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Twitter Not So Good At Predicting Box Office Revenues After All

A new study of tweets about movies suggests they are not necessarily a good predictor of box office revenues, say computer scientists

  • March 23, 2012

The online social network Twitter has recently gained a reputation for a certain degree of clairvoyance.  

The combined wisdom of the Twitter crowd can predict, among other things, the movement of stock markets, the spread of news and the box office revenues of movies. Or so we’re told.

Today, Felix Ming Fai Wong and pals at Princeton University in New Jersey, pour cold water on the idea that Twitter is a reliable predictor of the future, at least as far as the success of movies is concerned.

During this year’s Oscar season (2 February to 12 March), these guys collected 1.7 million tweets that contained the titles of 34 recently released or Oscar-nominated films. Of these, about half turned out to be irrelevant. (For example, “thanks for the help” does not refer to the movie The Help!) 

They then classified the remainder according to whether they contained positive or negative comments and whether they were tweeted before or after the person had seen the movie, to distinguish between hype and genuine opinion.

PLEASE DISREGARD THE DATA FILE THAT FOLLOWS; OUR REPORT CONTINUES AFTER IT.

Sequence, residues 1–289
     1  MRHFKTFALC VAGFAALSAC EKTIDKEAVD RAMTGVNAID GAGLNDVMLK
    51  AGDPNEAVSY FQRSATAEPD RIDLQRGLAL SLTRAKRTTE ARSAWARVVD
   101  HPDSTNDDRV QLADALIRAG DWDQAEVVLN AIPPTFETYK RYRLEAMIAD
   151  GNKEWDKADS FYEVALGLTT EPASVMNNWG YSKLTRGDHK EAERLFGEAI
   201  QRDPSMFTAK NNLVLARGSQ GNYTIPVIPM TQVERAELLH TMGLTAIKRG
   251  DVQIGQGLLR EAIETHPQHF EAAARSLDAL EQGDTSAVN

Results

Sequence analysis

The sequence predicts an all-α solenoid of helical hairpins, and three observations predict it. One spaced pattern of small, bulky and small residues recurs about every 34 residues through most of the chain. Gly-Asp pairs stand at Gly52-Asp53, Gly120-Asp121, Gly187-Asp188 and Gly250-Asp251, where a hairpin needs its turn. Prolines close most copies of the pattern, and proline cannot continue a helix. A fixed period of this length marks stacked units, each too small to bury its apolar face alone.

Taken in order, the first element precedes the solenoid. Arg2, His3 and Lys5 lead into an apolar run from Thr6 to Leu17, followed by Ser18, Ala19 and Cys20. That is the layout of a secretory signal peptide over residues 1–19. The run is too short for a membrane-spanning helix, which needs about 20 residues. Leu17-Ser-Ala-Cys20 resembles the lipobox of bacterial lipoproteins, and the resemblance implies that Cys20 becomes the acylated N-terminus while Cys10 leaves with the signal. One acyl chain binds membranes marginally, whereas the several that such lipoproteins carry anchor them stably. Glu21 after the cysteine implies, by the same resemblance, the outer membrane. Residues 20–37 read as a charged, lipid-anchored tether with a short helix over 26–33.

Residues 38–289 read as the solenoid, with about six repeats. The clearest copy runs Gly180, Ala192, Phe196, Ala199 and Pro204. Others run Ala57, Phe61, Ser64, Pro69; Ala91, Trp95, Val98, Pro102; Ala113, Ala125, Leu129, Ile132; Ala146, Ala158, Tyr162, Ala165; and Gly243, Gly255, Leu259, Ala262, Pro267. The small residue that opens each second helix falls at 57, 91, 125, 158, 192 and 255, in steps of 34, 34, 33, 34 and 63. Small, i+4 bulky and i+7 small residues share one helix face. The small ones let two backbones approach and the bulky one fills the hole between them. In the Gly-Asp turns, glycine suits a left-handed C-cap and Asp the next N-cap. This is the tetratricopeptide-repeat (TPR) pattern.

Finally, they collected reviews from the Internet Movie Database and RottenTomatoes.com about the same films

Wong and co then crunched this data to see how reviews on Twitter compare to those from the other online sources.

It turns out that a number of interesting patterns emerge. For example, Twitter users post far more positive reviews than negative ones, which Wong and co say may have implications for marketers.

“Instead of focusing on reducing the negative reviews from a few dissatisfied customers, it may be better to focus on enhancing the already high proportion of positive reviews on online social networks and use virality effects to influence consumers,” they say.

They also found  that Twitter’s predictive ability is limited. For example, the reviews on Twitter do not necessarily reflect the reviews that appear on other online sites.

What’s more, in contrast ot other studies, the Twitter data does not always translate into box office revenue (although in some cases it can). “Marketers need to be careful about drawing conclusions regarding the net box-office outcome for a movie,” conclude Wong and co.

So by this reading, Twitter’s predictive ability seems to have been overhyped, at least as far as box office revenues are concerned. It’ll be interesting to see whether a similar story emerges for other areas such as stockmarkets.

Ref: arxiv.org/abs/1203.4642: Why Watching Movie Tweets Won’t Tell the Whole Story?

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